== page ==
Smoke from the Woolsey Fire as seen from Santa Monica.

With the Camp and Woolsey fires, Santa Monicans stepped up and engaged. We opened our homes to evacuees and their pets. We made donations. We prepared, fearing the worst. We watched smoke billow over the horizon, breathed bad air and listened for breaking news. Just miles from the blaze, we worried. Could wildfire happen here? In many of us the baseline dread that is now widespread about climate change intensified.

Struggling with these feelings and the conclusions of recent scientific reports, we begin to acknowledge that this drama is playing out in our lifetimes, that the kids we drop off at school today will suffer its consequences. We are challenged to answer questions not only for ourselves but for the kids. How bad will it get? Will we do anything about it?

The good news is that if we want to, we can. Before us is one of the greatest opportunities ever to keep people healthy and out of danger, and to protect countless species and habitats. Psychologists tell us that one of the healthiest ways to face calamity and its stress is to acknowledge problems and take action. In doing so, we find community and feel connected. We no longer feel alone, but empowered. Our kids relax, too, knowing that we adults are focused on the situation.

We are fortunate to live in a community where meaningful action is happening. Santa Monica is implementing an ambitious Climate Action Plan. We must, however, get on board as individuals and take advantage of options for change that are available to us.

What are some of these? First, get electricity from renewable sources! What do you need to do? Nothing. Beginning in February, thanks to a recent City Council vote, Santa Monicans will receive 100% of their electricity from renewable sources through the Clean Power Alliance. Costs will be modest and capped, making this affordable for just about everyone. You may opt for less renewable energy if you like, but going with 100% is the most significant action you can take with the least amount of effort!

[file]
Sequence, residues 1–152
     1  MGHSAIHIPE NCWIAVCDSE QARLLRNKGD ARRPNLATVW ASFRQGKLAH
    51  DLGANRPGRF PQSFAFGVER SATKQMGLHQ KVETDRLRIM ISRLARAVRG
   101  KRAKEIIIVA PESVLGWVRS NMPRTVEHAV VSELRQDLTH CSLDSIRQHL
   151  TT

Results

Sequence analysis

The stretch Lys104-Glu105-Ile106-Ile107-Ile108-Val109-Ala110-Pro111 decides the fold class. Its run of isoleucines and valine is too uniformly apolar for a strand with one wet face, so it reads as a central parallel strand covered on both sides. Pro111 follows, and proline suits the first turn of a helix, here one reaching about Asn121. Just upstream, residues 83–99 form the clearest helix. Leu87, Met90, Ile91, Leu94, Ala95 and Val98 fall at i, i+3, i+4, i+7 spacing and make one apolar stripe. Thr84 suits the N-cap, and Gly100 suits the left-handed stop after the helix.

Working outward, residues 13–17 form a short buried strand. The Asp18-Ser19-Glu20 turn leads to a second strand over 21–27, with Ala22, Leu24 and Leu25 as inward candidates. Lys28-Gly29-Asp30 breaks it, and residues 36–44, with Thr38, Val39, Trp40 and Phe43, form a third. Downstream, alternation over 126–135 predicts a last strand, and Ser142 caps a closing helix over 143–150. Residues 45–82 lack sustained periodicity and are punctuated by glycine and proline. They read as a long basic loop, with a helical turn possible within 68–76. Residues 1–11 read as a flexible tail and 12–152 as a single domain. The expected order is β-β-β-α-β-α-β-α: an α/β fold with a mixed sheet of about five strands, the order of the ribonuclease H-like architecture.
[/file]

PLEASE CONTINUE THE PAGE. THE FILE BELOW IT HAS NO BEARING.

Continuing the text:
Second, switch your lighting to LED bulbs. They use significantly less electricity than traditional bulbs. They will lower your electricity bill and they last a long time. How about giving LED bulbs to friends for the holidays?

Third, if you own a home or property, install rooftop solar. It costs some money up front, but will immediately reduce your electric bill. Many of us donate to environmental causes. Think of solar as a donation to the planet.

Fourth, invest in a hybrid or electric vehicle. Better still, take advantage of the biking and other mobility options now available. In Santa Monica, transportation is the number one source of greenhouse gas emissions.

If you want to do more, volunteer or contribute financially for the victims of the fires, but also to beat back climate change. There are many opportunities including Climate Action Santa Monica, a local group. Taking this step may provide you more peace and kinship over the holiday season.

 

Steering Committee, Climate Action Santa Monica:

Cris Gutierrez

Katharine King

Judy Abdo

Laura Gillette

Amy Rand Sullivan

Kent Strumpel

Talia Tinari

Laurene von Klan

 

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